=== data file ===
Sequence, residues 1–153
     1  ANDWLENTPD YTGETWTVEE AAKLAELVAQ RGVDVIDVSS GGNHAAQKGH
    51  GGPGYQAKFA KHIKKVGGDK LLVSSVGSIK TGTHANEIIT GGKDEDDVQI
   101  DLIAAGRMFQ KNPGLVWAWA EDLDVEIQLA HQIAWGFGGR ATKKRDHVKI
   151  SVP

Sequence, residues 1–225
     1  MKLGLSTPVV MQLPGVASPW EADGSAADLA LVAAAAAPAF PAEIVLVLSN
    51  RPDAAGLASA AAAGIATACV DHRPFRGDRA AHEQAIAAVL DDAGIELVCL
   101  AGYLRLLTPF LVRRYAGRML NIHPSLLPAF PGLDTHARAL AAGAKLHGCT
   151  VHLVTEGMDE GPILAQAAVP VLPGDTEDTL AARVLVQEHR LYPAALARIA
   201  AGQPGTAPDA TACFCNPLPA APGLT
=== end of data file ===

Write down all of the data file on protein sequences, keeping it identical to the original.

Sequence, residues 1–153
     1  ANDWLENTPD YTGETWTVEE AAKLAELVAQ RGVDVIDVSS GGNHAAQKGH
    51  GGPGYQAKFA KHIKKVGGDK LLVSSVGSIK TGTHANEIIT GGKDEDDVQI
   101  DLIAAGRMFQ KNPGLVWAWA EDLDVEIQLA HQIAWGFGGR ATKKRDHVKI
   151  SVP

Sequence, residues 1–225
     1  MKLGLSTPVV MQLPGVASPW EADGSAADLA LVAAAAAPAF PAEIVLVLSN
    51  RPDAAGLASA AAAGIATACV DHRPFRGDRA AHEQAIAAVL DDAGIELVCL
   101  AGYLRLLTPF LVRRYAGRML NIHPSLLPAF PGLDTHARAL AAGAKLHGCT
   151  VHLVTEGMDE GPILAQAAVP VLPGDTEDTL AARVLVQEHR LYPAALARIA
   201  AGQPGTAPDA TACFCNPLPA APGLT